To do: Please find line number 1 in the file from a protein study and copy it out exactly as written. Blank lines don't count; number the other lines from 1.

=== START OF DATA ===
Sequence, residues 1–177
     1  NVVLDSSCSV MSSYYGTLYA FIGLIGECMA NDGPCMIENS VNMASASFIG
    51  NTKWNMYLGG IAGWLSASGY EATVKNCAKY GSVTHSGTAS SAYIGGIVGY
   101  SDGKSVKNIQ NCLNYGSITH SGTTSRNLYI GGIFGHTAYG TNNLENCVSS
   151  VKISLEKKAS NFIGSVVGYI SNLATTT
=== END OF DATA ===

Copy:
Sequence, residues 1–177